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Abstract

The two new general procedures for the bore drag prediction, based on the borehole friction factor concept were compared. The procedures employed iteration over the directional survey stations, numerical integration between the stations and mathematical models of the axial loads within a moving pipe in the borehole. The models considered several new effects such as hydrodynamic viscous drag, contact surface, and the bearing angle component of dogleg severity.

The study addressed the extent and conditions under which the two-dimensional and the three-dimensional procedures diverged significantly. The method was based on the computer calculated values of the borehole friction factor from the measured hook loads. The field data used included four casing runs from the offshore locations in the Gulf Coast area. In addition, the systematic theoretical study was performed with over 100 computer-simulated directional wells.

The study revealed a good agreement between 2-D and 3-D procedures for most common drilling conditions. Two 2-D model's accuracy was mostly affected by the bearing angle component of shallow doglegs. In addition, the reliability of the borehole friction factor field assessment was mainly controlled by the inclination angle and the length of the slant hole section of a well.

Introduction

The complex spatial configuration of directional wells engender an additional axial load (drag) when pipe or bottomhole tools are run in the boreholes. Traditionally, the frictional effects were not computed but were accounted for by the design factors. Such an approach resulted in the overestimated design and high operational uncertainty. The example here might be reluctance of many operators to reciprocate casing strings, despite a beneficial effect of this operation on the cement bond.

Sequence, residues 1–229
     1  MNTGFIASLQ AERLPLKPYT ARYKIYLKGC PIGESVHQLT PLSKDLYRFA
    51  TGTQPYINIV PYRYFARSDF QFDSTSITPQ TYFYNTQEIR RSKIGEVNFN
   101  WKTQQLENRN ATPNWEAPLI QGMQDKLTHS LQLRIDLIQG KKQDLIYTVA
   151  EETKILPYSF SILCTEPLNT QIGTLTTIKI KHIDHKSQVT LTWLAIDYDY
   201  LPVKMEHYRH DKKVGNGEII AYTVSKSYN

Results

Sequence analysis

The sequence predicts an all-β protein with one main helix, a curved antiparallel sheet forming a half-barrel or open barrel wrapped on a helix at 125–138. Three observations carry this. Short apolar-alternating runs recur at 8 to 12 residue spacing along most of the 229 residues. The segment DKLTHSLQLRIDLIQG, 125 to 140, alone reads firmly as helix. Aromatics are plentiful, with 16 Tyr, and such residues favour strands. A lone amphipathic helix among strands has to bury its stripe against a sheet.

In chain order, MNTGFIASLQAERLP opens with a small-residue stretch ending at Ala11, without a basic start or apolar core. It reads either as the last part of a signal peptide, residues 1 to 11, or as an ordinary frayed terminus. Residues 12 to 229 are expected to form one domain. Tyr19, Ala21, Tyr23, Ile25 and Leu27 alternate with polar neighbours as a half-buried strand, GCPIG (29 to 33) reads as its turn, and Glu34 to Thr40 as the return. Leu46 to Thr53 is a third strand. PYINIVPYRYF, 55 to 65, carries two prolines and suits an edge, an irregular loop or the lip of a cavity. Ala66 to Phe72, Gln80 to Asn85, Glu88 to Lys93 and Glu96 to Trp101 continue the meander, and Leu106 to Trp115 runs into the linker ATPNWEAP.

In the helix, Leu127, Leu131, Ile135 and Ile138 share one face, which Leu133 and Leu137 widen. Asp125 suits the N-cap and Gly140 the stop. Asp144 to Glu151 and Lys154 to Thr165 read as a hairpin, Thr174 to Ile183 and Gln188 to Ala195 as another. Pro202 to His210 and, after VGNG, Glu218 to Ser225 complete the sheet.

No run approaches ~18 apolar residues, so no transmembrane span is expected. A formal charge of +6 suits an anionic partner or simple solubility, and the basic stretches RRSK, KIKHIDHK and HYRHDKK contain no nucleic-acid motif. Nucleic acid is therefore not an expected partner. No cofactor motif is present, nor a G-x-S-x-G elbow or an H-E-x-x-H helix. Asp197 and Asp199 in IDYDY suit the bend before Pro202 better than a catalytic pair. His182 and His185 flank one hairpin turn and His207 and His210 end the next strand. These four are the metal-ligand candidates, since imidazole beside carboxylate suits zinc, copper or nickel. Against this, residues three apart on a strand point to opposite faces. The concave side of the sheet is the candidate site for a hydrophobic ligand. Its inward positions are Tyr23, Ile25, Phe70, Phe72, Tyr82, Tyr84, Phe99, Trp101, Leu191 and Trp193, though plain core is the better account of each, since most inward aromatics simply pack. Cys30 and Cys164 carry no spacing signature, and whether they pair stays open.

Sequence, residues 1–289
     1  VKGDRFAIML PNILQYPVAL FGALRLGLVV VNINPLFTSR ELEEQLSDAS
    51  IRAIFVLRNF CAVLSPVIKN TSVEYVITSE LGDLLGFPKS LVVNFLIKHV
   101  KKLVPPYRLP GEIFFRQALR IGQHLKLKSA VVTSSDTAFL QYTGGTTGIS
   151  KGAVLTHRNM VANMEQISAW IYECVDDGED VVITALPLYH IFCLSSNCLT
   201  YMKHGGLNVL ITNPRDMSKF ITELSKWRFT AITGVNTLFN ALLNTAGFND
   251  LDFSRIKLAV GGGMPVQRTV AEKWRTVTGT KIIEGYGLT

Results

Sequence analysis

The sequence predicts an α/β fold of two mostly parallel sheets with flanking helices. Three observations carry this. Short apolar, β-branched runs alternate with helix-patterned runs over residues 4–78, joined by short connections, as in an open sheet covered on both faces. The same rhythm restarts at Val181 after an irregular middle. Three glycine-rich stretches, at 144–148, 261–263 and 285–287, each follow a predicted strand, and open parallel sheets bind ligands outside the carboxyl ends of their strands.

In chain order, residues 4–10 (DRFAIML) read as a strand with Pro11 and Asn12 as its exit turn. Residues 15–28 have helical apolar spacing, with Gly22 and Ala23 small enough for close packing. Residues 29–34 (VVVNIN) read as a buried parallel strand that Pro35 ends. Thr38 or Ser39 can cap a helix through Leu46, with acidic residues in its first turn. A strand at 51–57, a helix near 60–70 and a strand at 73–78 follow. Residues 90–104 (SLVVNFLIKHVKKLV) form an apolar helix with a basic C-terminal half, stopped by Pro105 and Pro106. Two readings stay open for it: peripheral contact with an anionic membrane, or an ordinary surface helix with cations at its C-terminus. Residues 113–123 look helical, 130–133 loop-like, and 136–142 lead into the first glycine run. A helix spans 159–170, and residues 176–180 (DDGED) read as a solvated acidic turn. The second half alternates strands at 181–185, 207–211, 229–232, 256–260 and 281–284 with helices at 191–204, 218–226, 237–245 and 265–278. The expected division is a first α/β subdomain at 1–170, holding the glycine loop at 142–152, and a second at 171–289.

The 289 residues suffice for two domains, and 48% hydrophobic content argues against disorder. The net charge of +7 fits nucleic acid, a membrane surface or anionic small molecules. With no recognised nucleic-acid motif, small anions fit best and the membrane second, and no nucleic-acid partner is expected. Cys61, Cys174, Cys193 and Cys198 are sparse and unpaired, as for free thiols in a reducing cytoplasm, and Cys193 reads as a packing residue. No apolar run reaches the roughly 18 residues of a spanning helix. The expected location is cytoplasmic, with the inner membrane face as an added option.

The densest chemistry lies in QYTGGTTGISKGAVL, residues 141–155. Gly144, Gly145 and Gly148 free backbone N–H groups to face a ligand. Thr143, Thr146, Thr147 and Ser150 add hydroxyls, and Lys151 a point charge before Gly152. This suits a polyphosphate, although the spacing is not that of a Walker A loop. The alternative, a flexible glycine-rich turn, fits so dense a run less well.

The knowledge of the frictional loads will improve the design criteria, and will help to optimize the design for the minimum cost.

In their interesting study, Johancsik et al., developed a simplified model to predict torque and drag for the drillstring. They also used the model to find the sliding friction coefficient. The model was tested in three directional wells with a significant length of the cased hole section (70%, 83%, and 99%). No distinction was made between cased hole friction and the open borehole friction. Also, the hydrodynamic effects were not considered which, for the drillstring movement, might have been an adequate simplification.

Sheppard, et al. investigated the advantages of planning an undersection trajectory (steady buildup) to reduce torque and drag. In the one field case studied, they evaluated friction factor values of 0.36 only within the shallow depth interval 1900 to 2400 ft.

Bratovich, et al, investigated problems of running logging tools in high-angle wells. The field tests and the laboratory tests were performed. For the open hole, they reported a friction factor value 0.36 for the stand-off tool, and 0.40 for the wireline. The open hole tests were conducted in lignosulfonate water-base muds with densities varying between 9.7 to 12.5 lbm/gal.

To date, very few tests have been performed with the actual field data. The concept, that a single value of the friction factor represents borehole conditions has not been verified.

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